The compression of generations – 25 million adults live at home with parents because they’re unemployed or underemployed. The crushing cost of a college education today.
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The thought of moving out on your own and making your individual way in the world is very much an American trait. Certainly movies and television shows almost always assume every American has moved out on their own once adulthood is reached. What this recession has taught us is never take anything for what is shown on the surface. Many young adults, many times to the chagrin of baby boomer parents, have moved back home because of the employment market conditions brought on by the recession. Roughly 25 million adults live at home with their parents for a variety of reasons but mostly economic. For many the debilitating cost of student debt is hindering their progression into the independent marketplace. For others it is the lack of solid wages that actually provide enough to support a person living on their own. And for many others the inability to find a job is still a very common experience.
Where have the young adults gone?
Without a doubt many young adults, those between the ages of 25 to 34 have moved back home (or never left home) because of the recession:
Part of the trend is unmistakable in that much of the growth has come from men. This is likely due to industries like construction taking a brutal hit once the housing market went bust. However the trend has also occurred with females if we go back to the early 2000s. There are a variety of reasons for this compression of generations. This is common in other parts of the world but certainly is a new phenomenon here in the US. In Italy it is common for men to live at home well into (and beyond) young adulthood but how well will this go in the US?
It doesn’t seem like much of this is by voluntary choice:
“(TIME) Nearly 25 million adults live at home with their parents because they’re unemployed or underemployed, they’re trying to pay off student loans or save money to buy a place, or for any number of other reasons. While calling mom and dad your “roommates” may be a smart financial move, it’s the kiss of death for a healthy dating life. Trulia’s survey found that only 5% of unmarried adults would be open to dating someone who lived with their parents.”
This might also explain a massive slowdown in the first time homebuyer market since many purchase their first home between the ages of 25 to 34. It is tricky to purchase a home when people are working low-wage jobs or simply not working at all. The massive amount of student debt also hangs above many from moving into another major debt purchase. As the above data highlights living with your parents might be good for your pocketbook but it might be difficult to woo a potential partner when living at home for many reasons. Yet this also delays the need for a home since there is little need for larger spaces when you are single. Without a doubt the trend of young adults living at home has increased:
The markets might be crying out at a recovery but for young adults, the recession is still in season. A large part of this problem stems from the wicked maze that has become our higher education system. Make a mistake today and you can be saddled with tens of thousands of dollars in debt for life with a paper mill degree. Even two decades ago this was not possible. Today with the financialization of college for-profits saddle students with enormous levels of debt but with a degree that yields very little in the marketplace.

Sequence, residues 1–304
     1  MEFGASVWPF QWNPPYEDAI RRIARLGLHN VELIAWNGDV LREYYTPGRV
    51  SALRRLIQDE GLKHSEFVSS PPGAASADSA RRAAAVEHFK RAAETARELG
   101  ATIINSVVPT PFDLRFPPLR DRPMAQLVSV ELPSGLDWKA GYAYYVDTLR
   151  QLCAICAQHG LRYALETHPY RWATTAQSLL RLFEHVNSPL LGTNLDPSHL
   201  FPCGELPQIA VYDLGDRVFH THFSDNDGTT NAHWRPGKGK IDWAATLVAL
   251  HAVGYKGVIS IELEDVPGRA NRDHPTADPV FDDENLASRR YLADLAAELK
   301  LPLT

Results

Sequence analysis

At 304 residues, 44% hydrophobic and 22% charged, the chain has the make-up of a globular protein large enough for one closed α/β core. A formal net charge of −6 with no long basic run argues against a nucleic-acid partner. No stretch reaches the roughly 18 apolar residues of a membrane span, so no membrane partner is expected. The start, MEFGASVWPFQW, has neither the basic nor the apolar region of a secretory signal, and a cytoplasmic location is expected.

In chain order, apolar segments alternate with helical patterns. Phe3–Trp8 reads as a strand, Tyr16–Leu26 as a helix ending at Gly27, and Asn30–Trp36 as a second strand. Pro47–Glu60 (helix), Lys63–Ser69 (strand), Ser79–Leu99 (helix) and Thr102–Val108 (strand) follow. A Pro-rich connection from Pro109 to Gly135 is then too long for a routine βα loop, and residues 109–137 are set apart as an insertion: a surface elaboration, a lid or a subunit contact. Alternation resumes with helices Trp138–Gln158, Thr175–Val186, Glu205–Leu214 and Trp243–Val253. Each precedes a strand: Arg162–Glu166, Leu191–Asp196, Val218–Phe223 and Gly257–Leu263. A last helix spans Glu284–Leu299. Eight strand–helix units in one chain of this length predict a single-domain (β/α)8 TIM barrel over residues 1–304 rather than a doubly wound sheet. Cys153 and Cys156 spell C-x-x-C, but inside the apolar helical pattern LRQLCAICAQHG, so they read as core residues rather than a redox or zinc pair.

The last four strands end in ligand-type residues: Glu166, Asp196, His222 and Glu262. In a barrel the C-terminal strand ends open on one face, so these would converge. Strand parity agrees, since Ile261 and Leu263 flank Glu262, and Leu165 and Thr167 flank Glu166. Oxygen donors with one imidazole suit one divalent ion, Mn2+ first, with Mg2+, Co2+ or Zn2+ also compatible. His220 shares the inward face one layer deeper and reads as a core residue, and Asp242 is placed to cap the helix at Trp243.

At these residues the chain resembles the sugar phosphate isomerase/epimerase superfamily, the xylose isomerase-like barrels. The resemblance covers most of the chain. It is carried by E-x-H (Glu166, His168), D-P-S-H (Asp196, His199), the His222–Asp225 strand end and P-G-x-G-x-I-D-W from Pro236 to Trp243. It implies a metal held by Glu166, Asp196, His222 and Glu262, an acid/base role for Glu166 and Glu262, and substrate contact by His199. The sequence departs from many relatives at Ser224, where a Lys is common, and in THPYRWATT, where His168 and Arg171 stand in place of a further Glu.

The crushing blow of college debt
In 1997-98 for-profits enrolled 3 percent of all undergraduates. Today they are up to 9 percent. What is more troubling is the disproportionate amount of federal aid these institutions draw:
Source: Chronicle of Higher Education
For-profits, although 9 percent of all undergraduate enrollments eat up 22 percent of all unsubsidized Stafford Loans and 21 percent of all Pell Grants. With for-profits now enrolling close to 2,000,000 students you have a large number of young adults with degrees that will not likely yield a solid return on their investment (if any at all aside from a large debt load).
If students from competitive schools are having a hard time finding suitable employment what of those that went to these schools? It seems like many are catching on but not before nationally student loan debt races to the $1 trillion mark.
The trend for automation
Self-checkout stands, self-serve kiosks, and other items of automation are part of our modern day economy. But you can rest assured that they are not creating much in the way of jobs:
“(TIME) It’ll be interesting to see what Coinstar and other businesses try to sell via vending machines during the test stage. Sneakers? Jewelry? A home mortgage? An entire dinner in a pill, like something out of “The Jetsons”? Who knows.
Here’s one thing we can be pretty sure of, though: The spread of vending machines is unlikely to do much in the way of creating jobs.”
This is a trend that seems unstoppable. For those with few skills the manual labor positions are being automated out. Think of Redbox for example. This is a boom sector for Coinstar but each one of the 28,000 kiosks does very little in adding a job. Today there are 28,000 Redbox locations with revenues of $774 million. Not bad but will these add many jobs? That seems to be the conundrum of our modern economy.
The current economy and the recent recession have been particularly rough on young adults. Many are moving back home with parents and this trend seems to be holding strong. With the cost of college soaring and stagnant wages, the money will have to come from somewhere.